The aim of this policy was to crush the will to fight and put the uprising to an end without having to commit to heavy city fighting. Until mid-September, the Germans shot all captured insurgents on the spot. The main perpetrators were Oskar Dirlewanger and Bronislav Kaminski, who committed the cruelest atrocities. After von dem Bach arrived in Warsaw (7 August), it became clear that atrocities only stiffened the resistance and that some political solution should be found, considering the small forces at the disposal of the German commander. The aim was to gain a significant victory to show the Home Army the futility of further fighting and induce them to surrender. This did not succeed, but from the end of September, some of the captured Polish soldiers were treated as POWs.
This is the fiercest of our battles since the start of the war. It compares to the street battles of Stalingrad – SS chief Heinrich Himmler to other German generals on 21 September 1944.
Despite the loss of Wola, the Polish resistance stiffened. Zośka and Wacek battalions managed to capture the ruins of the Warsaw Ghetto and liberate the Gęsiówka concentration camp, freeing about 350 Jews. The area became one of the main communication links between the insurgents fighting in Wola and those defending the Old Town. On 7 August German forces were strengthened by the arrival of tanks with civilians being used as human shields. After two days of heavy fighting they managed to bisect Wola and reach the Bankowy Square. However, by then the net of barricades, street fortifications and tank obstacles was already well-prepared and both sides reached a stalemate, with heavy house-to-house fighting.
Between 9 August and 18 August pitched battles raged around the Old Town and nearby Bankowy Square, with successful attacks by the Germans and counter-attacks from the Poles. Once again, the Germans used their infamous tactics: viciously targeted clearly marked hospitals (reminiscent of Luftwaffe attacks against hospitals in September, 1939). German tactics hinged on bombardment through the use of heavy artillery (including the Schwerer Gustav super-heavy mortar) and tactical bombers, against which the Poles were unable to effectively defend, as they lacked anti-aircraft artillery weapons.
Although the Battle of Stalingrad had already shown the danger which a city can pose to armies which fight within it and the importance of local support, the Warsaw Uprising was probably the first demonstration that in an urban terrain, a vastly under-equipped force supported by the civilian population can hold its own against better-equipped professional soldiers— though at the cost of considerable sacrifices on the part of the city's residents.
The Old Town was held until the end of August when diminished supplies made further defence impossible. On 2 September the defenders of the Old Town withdrew through the sewers, which at this time were becoming a major means of communication between different parts of the Uprising. More than 5,300 men and women were evacuated in this way.
The Soviet army captured Eastern Warsaw and arrived on the eastern bank of the Vistula in mid-September. When they finally reached the right bank of the Vistula on 10 September, the officers of the Home Army units stationed there proposed recreating the pre-war 36th 'Academic Legion' infantry regiment; however, the NKVD arrested them all and sent them to the Soviet Union..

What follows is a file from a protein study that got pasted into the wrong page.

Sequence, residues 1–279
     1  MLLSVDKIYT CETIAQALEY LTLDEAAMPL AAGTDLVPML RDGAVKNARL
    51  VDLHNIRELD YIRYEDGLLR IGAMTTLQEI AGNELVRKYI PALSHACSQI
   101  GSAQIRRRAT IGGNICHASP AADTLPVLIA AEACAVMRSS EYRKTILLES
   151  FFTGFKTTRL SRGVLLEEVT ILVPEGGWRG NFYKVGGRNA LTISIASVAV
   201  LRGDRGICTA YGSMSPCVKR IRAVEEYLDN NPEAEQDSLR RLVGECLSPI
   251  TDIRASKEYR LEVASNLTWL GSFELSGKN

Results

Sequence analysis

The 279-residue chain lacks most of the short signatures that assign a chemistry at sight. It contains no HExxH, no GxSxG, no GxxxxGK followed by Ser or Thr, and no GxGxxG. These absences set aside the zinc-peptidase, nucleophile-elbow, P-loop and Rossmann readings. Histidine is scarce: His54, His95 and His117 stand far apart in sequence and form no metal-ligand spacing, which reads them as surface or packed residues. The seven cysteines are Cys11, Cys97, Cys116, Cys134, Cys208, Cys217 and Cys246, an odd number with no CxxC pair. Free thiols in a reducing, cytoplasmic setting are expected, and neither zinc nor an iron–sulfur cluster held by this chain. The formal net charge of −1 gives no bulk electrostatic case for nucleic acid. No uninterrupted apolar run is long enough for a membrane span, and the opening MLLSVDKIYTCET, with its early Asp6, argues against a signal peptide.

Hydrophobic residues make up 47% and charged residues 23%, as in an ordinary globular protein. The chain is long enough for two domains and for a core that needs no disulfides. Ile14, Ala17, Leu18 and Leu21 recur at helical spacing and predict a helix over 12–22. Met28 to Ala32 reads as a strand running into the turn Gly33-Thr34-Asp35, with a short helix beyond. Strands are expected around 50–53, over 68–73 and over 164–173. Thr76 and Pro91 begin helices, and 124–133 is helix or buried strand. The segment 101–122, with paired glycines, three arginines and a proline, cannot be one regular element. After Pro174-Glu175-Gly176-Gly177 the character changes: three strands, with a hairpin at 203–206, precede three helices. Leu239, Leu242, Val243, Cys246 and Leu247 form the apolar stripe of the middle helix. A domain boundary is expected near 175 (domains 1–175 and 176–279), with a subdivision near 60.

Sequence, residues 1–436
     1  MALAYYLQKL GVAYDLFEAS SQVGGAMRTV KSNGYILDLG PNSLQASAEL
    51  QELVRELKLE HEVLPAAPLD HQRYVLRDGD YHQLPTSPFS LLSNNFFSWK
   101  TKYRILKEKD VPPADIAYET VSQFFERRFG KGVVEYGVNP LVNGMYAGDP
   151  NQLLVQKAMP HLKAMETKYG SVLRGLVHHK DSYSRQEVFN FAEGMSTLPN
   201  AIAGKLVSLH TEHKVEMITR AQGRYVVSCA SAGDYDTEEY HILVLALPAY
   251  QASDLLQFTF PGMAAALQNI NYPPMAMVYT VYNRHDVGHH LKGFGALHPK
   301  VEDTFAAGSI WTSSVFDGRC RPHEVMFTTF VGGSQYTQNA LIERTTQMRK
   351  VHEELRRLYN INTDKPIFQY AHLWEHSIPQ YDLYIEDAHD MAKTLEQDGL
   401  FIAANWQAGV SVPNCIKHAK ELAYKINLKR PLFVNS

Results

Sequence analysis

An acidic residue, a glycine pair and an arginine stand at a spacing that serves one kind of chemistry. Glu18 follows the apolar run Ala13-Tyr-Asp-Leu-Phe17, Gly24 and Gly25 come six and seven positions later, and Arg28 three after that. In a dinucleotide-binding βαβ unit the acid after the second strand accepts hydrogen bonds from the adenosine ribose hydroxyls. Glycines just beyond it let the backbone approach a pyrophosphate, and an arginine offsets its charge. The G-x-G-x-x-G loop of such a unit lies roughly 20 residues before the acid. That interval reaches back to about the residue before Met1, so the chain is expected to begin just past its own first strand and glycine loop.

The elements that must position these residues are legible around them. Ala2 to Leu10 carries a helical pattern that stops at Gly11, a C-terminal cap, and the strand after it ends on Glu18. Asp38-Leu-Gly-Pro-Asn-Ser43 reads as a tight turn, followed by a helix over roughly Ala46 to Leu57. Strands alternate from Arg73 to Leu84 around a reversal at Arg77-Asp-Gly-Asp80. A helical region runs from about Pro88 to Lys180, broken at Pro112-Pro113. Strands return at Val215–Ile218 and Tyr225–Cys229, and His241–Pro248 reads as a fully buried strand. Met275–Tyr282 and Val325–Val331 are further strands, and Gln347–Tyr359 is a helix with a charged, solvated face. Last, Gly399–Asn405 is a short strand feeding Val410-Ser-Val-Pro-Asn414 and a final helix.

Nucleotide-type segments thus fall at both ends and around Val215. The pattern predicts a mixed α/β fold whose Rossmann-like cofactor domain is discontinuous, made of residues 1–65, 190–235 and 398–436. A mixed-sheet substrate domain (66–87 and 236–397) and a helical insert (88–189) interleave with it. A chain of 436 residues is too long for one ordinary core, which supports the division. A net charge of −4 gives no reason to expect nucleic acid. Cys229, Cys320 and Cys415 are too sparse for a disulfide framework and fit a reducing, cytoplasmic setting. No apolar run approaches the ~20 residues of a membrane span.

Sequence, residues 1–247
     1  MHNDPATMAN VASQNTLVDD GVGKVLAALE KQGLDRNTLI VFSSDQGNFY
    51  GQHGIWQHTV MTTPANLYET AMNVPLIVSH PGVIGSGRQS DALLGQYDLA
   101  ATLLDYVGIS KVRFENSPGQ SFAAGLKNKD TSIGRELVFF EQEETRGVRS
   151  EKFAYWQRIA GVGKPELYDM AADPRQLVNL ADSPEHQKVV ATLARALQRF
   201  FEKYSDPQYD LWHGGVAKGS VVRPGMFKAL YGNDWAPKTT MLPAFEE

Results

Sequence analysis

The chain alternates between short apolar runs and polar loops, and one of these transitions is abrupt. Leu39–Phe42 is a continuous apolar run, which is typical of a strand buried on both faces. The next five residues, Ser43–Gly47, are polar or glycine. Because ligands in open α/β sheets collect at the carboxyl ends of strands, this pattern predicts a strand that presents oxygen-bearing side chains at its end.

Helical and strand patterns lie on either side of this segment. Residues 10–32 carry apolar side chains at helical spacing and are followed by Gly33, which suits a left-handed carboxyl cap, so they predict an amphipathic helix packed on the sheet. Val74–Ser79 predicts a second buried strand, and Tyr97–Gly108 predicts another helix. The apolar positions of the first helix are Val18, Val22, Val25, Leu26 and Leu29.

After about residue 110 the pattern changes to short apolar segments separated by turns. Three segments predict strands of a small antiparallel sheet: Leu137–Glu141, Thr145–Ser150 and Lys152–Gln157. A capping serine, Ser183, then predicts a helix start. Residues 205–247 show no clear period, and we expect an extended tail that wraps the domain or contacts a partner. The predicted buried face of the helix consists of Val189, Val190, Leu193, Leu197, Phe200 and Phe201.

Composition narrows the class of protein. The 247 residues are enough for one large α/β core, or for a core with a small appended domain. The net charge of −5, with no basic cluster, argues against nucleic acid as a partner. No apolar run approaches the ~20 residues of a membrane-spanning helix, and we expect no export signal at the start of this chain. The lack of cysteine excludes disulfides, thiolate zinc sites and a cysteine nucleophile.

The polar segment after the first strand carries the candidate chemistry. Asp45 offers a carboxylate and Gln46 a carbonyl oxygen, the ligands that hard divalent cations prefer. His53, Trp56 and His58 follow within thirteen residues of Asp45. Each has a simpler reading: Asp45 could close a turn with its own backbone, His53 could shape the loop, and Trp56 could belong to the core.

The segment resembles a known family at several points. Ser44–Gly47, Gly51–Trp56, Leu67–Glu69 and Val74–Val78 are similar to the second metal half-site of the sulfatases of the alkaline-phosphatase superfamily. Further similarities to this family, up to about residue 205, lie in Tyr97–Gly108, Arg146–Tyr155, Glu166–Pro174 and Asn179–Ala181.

Soviet attacks on 4th SS Panzer Corps east of Warsaw were renewed on 26 August, and forced the Germans to retreat into Praga, and then across the Vistula. The Soviet army included the 1st Polish Army (1 Armia Wojska Polskiego), and some of them landed in the Czerniaków and Powiśle areas and made contacts with Home Army forces. Their initiative was however not supported by the Soviet High Command. With inadequate artillery, air support, and numbers, the landing troops sustained heavy casualties and were forced to retreat. After the failure of repeated attempts by the 1st Polish Army to link up with the insurgents, the Soviets limited their assistance to sporadic artillery and air support. Plans for a river crossing were suspended "for at least 4 months", since operations against the five panzer divisions on 9th Army's order of battle were problematic at that point, and the commander of the 1st Polish Army, General Zygmunt Berling, who ordered the crossing of the Vistula by his units, was relieved of his duties by his Soviet superiors.
From this point on, the Warsaw Uprising can be seen as a one-sided war of attrition or, alternatively, as a fight for acceptable terms of surrender. Fighting ended on 2 October when the Polish forces were finally forced to capitulate.
In 1939 Warsaw had roughly 1,350,000 inhabitants. Over a million were still living in the city at the start of the Uprising. In Polish-controlled territory, during the first weeks of the Uprising, people tried to recreate the normal day-to-day life of their free country. Cultural life was vibrant, both among the soldiers and civilian population, with theatres, post offices, newspapers and similar activities. Boys and girls of the Polish Scouts acted as couriers for an underground postal service, risking their lives daily to transmit any information that might help their people. Near the end of the Uprising, lack of food, medicine, overcrowding and indiscriminate German air and artillery assault on the city made the civilian situation more and more desperate.